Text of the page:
3. A State Herbarium is established
Frederick Manson Bailey, author of The Queensland Flora (1899-1902)
Frederick Manson Bailey immigrated to Adelaide, Australia in 1839. Bailey left Adelaide in 1858 and went to New Zealand but returned to Australia and arrived in Brisbane in 1861. Bailey was appointed Acting Curator of the Queensland Museum in 1880 and Colonial Botanist in 1881. He retired in 1902 but was re-appointed on half pay and continued to work until his death in 1915. He was a prolific collector of plants, with more than 5000 of his collections housed at the Queensland Herbarium. His most significant work was the seven volume The Queensland Flora (1899-1902).
Cyril Tenison White joined his grandfather F.M. Bailey as pupil assistant at the Queensland Herbarium in 1905. In 1918 he was appointed Government Botanist, a position he filled with great distinction until his untimely death in 1950. He was principally responsible for developing the Queensland Herbarium as a public institution, setting up networks of collectors and established exchanges with other herbaria. White contributed more than 15,000 specimens to the Queensland Herbarium.
4. Economic botany
William Douglas Francis succeeded C.T. White as Government Botanist of Queensland in 1950, a position he held till his retirement in 1954. He had already published his authoritative work Australian Rainforest Trees and was particularly interested in poisonous plants by this time. This interest was continued by Selwyn Everist and culminated in the publication of Everist's Poisonous Plants of Australia, still the definitive work in its field.
The current specialisation in grass taxonomy at the Queensland Herbarium can be traced back to the visit by Dr Charles Hubbard from the Royal Botanic Gardens, Kew in 1930. Hubbard had a very inspiring influence on Dr Stanley Blake, who continued in the study of Australian grasses for many years after Hubbard's visit. Today, this research is continued by Bryan Simon.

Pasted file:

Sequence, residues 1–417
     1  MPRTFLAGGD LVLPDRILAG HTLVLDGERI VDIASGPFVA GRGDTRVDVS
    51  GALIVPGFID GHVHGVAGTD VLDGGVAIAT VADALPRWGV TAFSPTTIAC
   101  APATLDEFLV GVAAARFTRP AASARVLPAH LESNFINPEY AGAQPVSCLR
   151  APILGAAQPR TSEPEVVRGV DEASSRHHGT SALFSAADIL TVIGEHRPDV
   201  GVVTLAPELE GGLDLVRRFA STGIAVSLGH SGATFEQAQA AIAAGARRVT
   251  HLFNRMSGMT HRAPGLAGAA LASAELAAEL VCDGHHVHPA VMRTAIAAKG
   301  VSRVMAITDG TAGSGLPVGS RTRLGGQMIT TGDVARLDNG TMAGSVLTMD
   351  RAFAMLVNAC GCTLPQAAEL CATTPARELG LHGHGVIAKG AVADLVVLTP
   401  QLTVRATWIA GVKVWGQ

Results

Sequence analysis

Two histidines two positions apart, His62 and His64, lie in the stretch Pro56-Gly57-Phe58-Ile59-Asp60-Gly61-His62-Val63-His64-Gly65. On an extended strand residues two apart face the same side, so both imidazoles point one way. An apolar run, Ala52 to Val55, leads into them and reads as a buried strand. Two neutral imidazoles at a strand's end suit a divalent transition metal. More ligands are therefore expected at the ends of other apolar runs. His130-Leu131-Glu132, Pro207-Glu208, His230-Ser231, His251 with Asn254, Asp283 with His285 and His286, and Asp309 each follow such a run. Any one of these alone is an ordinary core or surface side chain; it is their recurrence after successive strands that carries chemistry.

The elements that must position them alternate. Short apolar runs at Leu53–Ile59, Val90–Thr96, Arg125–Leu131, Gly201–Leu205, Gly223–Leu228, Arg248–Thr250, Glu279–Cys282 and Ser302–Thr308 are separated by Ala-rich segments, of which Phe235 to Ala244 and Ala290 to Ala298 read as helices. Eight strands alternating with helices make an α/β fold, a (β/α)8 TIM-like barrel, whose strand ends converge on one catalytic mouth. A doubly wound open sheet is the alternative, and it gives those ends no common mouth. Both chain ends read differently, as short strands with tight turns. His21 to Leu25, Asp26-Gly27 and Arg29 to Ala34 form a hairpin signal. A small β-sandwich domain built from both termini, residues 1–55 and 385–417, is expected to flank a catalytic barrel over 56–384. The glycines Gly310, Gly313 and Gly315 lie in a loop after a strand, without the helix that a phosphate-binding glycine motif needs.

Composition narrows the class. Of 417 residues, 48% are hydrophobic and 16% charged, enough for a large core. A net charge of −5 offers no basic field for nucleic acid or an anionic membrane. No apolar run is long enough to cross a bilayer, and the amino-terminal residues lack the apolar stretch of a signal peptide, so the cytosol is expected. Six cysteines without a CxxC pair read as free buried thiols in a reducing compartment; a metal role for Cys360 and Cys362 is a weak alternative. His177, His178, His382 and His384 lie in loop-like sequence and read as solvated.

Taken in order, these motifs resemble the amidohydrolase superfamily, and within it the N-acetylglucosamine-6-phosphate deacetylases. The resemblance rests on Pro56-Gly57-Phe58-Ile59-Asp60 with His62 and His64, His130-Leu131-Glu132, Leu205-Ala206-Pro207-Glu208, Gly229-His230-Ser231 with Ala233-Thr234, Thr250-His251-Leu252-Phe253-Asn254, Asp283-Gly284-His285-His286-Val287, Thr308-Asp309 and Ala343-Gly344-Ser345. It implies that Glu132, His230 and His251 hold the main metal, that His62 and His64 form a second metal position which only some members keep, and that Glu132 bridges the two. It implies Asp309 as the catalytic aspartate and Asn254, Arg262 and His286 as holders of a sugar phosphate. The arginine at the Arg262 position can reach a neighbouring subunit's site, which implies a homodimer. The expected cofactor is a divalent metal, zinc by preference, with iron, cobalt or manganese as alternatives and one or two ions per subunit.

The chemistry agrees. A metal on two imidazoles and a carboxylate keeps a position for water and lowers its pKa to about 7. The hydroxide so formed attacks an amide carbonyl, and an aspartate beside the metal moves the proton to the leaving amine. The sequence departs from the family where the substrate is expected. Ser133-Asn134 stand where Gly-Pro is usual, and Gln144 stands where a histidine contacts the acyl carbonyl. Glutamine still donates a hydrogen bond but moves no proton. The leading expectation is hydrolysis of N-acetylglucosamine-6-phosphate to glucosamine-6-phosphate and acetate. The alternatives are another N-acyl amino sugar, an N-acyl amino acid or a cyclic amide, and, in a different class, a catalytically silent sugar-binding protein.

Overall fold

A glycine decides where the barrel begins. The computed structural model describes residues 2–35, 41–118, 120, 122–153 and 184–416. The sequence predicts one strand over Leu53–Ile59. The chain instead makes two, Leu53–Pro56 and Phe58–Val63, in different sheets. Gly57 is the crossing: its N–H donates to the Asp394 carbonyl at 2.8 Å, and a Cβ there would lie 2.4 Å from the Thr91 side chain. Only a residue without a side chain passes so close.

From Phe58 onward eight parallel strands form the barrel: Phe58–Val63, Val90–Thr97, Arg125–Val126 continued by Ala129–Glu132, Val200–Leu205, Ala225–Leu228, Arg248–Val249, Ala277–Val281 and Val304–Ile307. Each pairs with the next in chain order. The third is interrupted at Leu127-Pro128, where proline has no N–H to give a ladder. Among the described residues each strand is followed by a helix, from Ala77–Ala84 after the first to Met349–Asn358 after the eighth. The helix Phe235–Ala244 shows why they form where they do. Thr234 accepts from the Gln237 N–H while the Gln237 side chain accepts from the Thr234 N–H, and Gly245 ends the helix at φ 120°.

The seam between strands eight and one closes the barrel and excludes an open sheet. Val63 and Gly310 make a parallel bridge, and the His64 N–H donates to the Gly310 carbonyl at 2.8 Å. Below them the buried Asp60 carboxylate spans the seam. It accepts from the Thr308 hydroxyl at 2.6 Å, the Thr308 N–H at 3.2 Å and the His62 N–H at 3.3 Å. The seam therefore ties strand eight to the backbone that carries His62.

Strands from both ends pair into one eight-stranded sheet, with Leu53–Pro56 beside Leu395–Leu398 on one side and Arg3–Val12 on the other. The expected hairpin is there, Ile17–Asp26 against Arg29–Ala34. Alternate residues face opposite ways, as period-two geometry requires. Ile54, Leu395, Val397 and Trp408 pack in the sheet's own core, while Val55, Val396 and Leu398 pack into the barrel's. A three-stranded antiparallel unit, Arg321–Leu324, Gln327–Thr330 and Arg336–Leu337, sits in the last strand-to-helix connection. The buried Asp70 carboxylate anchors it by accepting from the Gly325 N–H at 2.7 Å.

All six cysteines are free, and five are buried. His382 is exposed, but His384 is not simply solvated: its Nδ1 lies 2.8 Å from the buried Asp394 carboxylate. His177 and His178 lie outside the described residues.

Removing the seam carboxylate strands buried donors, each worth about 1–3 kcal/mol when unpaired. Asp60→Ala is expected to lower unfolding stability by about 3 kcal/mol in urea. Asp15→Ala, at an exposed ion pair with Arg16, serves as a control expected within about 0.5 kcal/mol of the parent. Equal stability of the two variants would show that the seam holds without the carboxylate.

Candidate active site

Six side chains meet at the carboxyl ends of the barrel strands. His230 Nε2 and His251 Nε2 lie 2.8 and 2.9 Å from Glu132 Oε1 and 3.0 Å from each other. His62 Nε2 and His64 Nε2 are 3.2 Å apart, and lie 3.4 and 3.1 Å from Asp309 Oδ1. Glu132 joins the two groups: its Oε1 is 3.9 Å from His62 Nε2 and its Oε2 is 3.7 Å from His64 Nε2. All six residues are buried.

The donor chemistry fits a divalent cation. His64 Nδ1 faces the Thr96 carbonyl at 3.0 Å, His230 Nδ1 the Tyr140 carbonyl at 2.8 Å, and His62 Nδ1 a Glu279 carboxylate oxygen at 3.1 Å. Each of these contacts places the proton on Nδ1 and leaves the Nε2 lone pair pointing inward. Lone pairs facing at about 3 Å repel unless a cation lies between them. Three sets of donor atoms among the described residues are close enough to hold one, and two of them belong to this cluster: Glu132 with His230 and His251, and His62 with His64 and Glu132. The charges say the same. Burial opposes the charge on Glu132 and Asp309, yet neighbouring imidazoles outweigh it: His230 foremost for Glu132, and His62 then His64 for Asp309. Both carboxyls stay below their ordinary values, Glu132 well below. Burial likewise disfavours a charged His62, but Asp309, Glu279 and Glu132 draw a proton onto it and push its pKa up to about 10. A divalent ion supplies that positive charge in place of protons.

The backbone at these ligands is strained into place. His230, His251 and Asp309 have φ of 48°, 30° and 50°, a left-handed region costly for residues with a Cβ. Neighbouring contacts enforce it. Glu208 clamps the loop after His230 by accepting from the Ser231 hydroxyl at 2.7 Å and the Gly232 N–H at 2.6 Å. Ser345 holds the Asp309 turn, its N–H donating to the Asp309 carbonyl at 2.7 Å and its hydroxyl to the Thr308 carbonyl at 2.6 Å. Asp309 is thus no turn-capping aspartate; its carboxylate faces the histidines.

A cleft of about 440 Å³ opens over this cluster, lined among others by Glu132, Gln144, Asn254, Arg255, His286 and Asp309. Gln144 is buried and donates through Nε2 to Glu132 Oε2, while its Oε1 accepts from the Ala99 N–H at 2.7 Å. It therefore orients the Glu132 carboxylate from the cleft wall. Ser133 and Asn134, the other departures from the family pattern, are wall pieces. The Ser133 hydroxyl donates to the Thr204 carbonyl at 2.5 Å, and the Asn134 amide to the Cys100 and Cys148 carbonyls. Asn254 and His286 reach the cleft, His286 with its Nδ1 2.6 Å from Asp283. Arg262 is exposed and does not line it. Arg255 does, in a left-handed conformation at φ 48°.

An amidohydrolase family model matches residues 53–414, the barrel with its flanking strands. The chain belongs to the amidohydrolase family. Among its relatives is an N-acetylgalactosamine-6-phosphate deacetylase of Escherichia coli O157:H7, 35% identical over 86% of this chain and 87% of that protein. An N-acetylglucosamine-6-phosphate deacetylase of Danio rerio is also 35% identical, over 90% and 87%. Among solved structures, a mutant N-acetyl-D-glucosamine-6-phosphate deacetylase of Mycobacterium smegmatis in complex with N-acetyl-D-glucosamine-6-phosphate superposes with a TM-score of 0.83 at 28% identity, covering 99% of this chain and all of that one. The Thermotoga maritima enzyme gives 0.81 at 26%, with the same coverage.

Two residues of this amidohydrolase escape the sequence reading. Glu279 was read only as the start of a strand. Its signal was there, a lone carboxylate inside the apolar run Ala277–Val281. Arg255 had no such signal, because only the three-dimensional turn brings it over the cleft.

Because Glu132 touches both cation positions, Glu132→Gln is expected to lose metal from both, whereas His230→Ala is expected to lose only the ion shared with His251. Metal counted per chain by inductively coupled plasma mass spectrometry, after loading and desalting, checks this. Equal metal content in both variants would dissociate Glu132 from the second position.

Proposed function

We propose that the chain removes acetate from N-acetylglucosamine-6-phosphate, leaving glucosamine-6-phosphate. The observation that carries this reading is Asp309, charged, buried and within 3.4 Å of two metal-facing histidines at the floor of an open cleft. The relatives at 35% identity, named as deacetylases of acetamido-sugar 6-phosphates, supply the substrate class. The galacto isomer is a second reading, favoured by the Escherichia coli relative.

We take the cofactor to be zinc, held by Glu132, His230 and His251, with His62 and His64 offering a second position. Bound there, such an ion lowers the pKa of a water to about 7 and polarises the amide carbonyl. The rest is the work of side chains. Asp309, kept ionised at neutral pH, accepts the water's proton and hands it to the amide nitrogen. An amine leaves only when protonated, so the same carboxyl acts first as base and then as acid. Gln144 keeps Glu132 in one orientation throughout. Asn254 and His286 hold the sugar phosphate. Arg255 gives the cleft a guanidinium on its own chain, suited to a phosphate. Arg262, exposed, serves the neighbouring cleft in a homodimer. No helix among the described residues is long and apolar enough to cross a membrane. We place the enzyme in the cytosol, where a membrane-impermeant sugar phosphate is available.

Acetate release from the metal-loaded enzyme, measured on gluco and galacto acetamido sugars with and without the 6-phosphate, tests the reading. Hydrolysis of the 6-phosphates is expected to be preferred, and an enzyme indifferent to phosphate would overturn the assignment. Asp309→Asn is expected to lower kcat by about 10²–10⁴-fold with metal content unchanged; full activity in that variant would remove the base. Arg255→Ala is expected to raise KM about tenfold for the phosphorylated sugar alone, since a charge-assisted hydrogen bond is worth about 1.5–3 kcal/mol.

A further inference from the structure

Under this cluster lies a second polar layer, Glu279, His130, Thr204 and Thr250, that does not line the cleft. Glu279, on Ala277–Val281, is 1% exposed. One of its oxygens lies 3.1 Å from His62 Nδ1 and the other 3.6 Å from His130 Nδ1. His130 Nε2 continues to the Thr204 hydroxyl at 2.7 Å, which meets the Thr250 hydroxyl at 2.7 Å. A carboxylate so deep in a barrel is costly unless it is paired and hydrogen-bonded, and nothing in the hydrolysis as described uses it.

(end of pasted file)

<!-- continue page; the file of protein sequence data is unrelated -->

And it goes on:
Weeds became an area of focus when Dr Robert Johnson became the Director in 1978. From a background in brigalow control and vegetation ecology, Dr Johnson, along with Harry Kleinschmidt, documented Queensland's weed species and their control in the comprehensive Weeds of Queensland. Weeds continue to be an issue today, as an ever growing threat to biodiversity.
5. Biodiversity and conservation
As a result of the Flora of Australia project, many new species were described for Queensland in the 1980's. Other major works of the time were Les Pedley's Acacias of Queensland and the three volumes of The Flora of South-eastern Queensland by Trevor Stanley and Estelle Ross. Documenting Queensland's plant biodiversity was always the fundamental work of the Herbarium and this took on a new impetus with the shift of the Herbarium to the department of Environment and Heritage in 1992. Dr Gordon Guymer became director in 1994 and documenting and mapping of species and vegetation for the purpose of conservation and sustainable management became a core role of the Queensland Herbarium.